Pho from MoPho
Pho from MoPho (Photo: Ann Marshall Thomas)

Most people don’t think of MoPho as a budget lunch option per se, but the menu includes a filling and delicious pho option for only $7. You can choose between vegetable, chicken, or beef broth and pick three ingredients for your pho. I chose veggie broth (the others are a bit pricier) and filled my bowl with tofu, meatballs, and greens. Since all I drank was a big glass of ice water, I kept my bill down to $9, including tax and tip. Running total: $15.45 ($14.55 remaining)

From there, I walked back to the streetcar, and paid another $1.25 to get back to the French Quarter. Running total: $16.70 ($13.30 remaining)

I arrived at the French Quarter in mid-afternoon and headed over to the French Market. Though my budget didn’t allow for me to buy anything, I still enjoyed checking out the crafts and chatting with some of the local artists. One of my favorite craftsmen is Stefano Velaska, who sells beautiful jewelry made from salvaged Hurricane Katrina debris.

I kept up my window shopping with a walk over to Royal Street. I was astounded by some of the trinkets available at M.S. Rau Antiques – from an Enigma machine to a self-playing piano. I also wandered over to the quieter areas of Dauphine and Burgundy Streets to take in some of the colorful, old Creole cottages and shotgun homes.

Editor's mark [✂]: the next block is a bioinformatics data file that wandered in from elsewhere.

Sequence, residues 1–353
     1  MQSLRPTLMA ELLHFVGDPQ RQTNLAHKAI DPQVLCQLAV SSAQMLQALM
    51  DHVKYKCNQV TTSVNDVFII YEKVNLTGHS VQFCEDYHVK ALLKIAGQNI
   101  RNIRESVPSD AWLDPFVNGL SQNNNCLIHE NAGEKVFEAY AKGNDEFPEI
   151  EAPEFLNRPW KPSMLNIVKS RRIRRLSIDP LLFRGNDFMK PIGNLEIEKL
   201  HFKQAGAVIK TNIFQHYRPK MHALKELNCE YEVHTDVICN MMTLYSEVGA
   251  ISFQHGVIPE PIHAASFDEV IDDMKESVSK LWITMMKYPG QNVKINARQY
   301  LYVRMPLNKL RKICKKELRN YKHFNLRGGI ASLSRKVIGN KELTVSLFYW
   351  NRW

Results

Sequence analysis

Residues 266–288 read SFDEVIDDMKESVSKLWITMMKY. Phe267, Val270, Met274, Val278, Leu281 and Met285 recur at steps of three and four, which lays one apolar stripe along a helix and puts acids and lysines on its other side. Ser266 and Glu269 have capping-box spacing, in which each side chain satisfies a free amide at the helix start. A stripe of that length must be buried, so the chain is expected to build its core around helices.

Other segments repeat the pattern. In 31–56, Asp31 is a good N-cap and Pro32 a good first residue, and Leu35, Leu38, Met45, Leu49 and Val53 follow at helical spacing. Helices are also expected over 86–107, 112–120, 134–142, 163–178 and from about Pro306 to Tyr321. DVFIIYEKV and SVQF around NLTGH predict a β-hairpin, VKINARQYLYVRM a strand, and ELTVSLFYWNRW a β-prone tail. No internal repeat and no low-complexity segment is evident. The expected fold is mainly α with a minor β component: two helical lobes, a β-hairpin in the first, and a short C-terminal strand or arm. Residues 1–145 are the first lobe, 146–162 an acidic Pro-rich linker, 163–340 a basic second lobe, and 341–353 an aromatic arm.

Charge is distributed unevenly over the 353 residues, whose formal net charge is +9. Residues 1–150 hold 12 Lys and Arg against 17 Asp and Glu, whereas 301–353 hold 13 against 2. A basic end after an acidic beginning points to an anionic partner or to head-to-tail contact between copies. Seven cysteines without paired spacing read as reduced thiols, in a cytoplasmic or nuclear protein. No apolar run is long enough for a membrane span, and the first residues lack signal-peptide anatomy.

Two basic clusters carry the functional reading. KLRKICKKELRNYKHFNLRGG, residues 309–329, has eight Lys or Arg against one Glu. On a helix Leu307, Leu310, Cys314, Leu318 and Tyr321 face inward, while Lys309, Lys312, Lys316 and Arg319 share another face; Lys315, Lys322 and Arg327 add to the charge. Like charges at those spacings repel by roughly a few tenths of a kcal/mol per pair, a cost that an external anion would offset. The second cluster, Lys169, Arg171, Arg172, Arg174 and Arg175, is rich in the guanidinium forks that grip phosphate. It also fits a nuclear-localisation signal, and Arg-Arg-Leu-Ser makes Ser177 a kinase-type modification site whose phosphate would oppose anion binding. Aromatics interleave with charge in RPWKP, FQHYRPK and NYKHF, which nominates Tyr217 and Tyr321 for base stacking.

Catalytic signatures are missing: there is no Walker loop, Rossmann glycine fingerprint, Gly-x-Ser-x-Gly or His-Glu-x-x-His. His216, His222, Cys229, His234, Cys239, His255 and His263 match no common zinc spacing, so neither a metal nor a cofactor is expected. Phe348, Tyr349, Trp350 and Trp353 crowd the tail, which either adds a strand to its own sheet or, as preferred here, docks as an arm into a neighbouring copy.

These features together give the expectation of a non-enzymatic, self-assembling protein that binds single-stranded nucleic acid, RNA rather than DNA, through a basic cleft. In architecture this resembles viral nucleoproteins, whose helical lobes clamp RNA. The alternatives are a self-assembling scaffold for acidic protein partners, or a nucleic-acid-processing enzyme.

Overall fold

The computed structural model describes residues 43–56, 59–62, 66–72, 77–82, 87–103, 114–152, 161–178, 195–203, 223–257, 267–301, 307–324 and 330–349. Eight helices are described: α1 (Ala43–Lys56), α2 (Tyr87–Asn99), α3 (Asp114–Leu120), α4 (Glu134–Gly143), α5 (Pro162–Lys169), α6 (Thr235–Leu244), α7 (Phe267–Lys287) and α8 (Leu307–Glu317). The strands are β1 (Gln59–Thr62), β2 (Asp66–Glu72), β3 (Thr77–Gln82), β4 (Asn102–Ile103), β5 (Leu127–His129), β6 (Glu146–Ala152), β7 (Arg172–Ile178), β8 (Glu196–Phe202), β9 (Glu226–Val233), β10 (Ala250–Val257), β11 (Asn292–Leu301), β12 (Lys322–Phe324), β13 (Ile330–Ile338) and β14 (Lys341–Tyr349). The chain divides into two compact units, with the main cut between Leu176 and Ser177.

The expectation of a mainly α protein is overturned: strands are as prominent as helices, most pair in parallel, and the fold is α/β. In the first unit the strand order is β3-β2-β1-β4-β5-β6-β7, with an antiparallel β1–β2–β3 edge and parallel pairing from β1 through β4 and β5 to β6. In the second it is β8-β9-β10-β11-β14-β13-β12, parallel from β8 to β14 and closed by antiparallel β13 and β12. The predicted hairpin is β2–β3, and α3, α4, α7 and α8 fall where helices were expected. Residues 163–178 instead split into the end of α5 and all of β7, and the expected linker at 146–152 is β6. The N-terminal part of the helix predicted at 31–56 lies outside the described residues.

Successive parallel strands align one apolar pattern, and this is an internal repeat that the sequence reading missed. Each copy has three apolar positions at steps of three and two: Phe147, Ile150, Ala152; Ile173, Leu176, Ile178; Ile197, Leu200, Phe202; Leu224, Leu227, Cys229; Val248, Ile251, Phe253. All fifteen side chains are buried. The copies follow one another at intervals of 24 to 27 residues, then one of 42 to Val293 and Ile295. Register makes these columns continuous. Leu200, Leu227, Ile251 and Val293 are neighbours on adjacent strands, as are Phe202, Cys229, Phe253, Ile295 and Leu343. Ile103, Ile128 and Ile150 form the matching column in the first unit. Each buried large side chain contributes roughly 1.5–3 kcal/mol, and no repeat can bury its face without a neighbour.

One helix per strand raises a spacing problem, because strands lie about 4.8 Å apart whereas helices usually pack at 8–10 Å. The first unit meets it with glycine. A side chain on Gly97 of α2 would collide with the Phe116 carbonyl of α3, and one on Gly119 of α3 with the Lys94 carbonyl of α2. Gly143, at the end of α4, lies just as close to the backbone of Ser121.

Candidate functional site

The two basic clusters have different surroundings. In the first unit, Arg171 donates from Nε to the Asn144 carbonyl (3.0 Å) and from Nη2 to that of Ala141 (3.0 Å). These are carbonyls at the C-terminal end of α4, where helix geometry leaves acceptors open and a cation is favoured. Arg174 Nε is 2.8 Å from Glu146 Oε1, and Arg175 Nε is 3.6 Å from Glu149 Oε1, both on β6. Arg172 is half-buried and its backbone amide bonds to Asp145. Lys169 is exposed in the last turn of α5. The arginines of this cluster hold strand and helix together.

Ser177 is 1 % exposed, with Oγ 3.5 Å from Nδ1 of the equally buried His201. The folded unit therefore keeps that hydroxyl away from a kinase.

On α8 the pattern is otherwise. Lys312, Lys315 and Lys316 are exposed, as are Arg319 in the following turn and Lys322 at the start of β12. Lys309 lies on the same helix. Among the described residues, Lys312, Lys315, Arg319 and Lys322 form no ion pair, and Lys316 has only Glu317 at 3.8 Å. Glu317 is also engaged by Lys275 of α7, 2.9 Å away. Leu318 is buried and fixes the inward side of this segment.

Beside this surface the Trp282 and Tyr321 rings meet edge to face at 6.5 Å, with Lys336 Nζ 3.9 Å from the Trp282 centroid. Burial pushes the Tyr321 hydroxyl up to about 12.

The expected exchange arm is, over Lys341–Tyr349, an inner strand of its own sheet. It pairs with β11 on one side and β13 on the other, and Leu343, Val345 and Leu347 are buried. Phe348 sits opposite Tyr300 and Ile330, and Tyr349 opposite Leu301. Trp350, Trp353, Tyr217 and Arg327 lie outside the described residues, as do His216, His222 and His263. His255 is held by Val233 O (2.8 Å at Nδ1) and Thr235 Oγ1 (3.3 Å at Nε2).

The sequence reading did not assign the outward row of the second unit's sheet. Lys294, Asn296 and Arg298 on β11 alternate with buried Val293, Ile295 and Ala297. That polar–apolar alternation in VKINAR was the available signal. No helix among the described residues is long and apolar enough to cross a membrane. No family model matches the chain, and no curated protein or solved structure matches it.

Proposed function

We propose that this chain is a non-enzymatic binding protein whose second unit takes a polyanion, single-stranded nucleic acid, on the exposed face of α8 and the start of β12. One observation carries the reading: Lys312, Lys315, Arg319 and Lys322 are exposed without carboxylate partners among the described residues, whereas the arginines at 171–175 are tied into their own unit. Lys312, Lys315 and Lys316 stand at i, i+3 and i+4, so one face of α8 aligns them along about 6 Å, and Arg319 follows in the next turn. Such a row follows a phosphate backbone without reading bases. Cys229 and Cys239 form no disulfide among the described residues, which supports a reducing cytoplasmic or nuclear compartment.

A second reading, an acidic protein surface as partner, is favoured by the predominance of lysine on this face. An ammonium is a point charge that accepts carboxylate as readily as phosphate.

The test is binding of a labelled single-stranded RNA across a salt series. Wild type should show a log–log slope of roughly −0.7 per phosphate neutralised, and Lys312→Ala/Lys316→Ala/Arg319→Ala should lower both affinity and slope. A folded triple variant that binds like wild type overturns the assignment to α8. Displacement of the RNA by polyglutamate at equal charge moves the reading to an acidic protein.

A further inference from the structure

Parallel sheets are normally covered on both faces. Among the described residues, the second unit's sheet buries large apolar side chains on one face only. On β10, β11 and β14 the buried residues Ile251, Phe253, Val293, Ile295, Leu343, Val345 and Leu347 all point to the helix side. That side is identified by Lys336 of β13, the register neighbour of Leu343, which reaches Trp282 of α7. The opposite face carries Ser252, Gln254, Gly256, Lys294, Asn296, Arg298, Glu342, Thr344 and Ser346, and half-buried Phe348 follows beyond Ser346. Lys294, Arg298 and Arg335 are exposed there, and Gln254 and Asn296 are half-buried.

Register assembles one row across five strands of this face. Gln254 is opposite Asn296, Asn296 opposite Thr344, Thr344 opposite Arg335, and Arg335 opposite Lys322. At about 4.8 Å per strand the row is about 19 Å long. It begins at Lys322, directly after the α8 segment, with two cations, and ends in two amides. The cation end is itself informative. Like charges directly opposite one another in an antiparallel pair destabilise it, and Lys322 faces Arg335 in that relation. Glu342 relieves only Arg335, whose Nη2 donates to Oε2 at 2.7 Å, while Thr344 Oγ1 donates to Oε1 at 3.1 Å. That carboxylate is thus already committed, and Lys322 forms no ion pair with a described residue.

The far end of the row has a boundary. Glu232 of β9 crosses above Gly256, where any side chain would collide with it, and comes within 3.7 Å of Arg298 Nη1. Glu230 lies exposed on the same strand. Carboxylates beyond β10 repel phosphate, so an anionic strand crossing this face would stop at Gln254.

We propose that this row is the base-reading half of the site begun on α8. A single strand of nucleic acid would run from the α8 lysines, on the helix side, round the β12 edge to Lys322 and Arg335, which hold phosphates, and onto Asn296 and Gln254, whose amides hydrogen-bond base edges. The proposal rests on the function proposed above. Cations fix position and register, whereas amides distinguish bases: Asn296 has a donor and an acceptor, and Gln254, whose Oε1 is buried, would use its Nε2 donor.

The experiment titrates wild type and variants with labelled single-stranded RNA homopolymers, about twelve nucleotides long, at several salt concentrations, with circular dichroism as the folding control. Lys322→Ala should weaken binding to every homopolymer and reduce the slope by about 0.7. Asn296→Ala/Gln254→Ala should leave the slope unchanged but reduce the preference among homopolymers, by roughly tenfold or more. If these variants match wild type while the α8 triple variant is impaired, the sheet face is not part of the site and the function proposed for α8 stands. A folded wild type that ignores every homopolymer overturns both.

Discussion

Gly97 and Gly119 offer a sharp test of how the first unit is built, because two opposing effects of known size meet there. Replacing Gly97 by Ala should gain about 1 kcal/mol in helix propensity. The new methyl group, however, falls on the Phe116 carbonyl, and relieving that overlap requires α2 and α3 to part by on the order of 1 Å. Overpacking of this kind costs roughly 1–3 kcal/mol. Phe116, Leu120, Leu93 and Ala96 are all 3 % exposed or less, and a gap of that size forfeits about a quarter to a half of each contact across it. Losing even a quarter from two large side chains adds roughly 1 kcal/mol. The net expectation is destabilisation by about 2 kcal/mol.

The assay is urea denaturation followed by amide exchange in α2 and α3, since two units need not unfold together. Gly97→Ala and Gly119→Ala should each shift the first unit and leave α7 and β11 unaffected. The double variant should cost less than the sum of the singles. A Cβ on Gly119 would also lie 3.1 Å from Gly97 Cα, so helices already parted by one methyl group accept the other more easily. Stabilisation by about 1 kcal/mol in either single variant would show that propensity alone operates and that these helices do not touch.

French Quarter
(Photo: Ann Marshall Thomas)

Finally, I headed to Jackson Square, where I listened to some live music and left a $1 tip for the band. Running total: $17.70 ($12.30 remaining)

Hunger strikes again. I walked down Chartres Street to Frenchmen Street and ordered at the counter at Dat Dog. Each dog is $7.75 no matter what toppings you get, so I chose a duck sausage dog with crawfish etouffee, tomatoes, and jalapeno peppers. This set me back $9 when I included a tip. Running total: $26.70 ($3.30 remaining)

Going over my budget a teensy bit was worth it to support a great local artist.

The exterior of the Spotted Cat. (Photo: Cheryl Gerber)

After dinner, I wandered down the street to The Spotted Cat for some live music and dancing. On Fridays and Saturdays, there is a $5 cover charge here, but it was Thursday so I got in the door for free, one of the many perks of midweek exploration in New Orleans. Once inside, I followed the one-drink-minimum rule and ordered a Coors Light, which set me back $4. Spotted Cat only accepts cash at the bar, so come prepared if you want to avoid the ATM fee.

I was now at $30.70, but I was really enjoying Miss Sophie Lee’s music, so I left her a $1 tip. Going over my budget a teensy bit was worth it to support a great local artist. Running total: $31.70 (-$1.70 remaining)

Total for the day: $31.70

What I learned

NOLA can definitely be done on a budget! There are tons of free attractions and I ate very well for $30. I could have saved a few dollars here and there by skipping the coffee and beer, but those little indulgences are what a day in New Orleans is all about.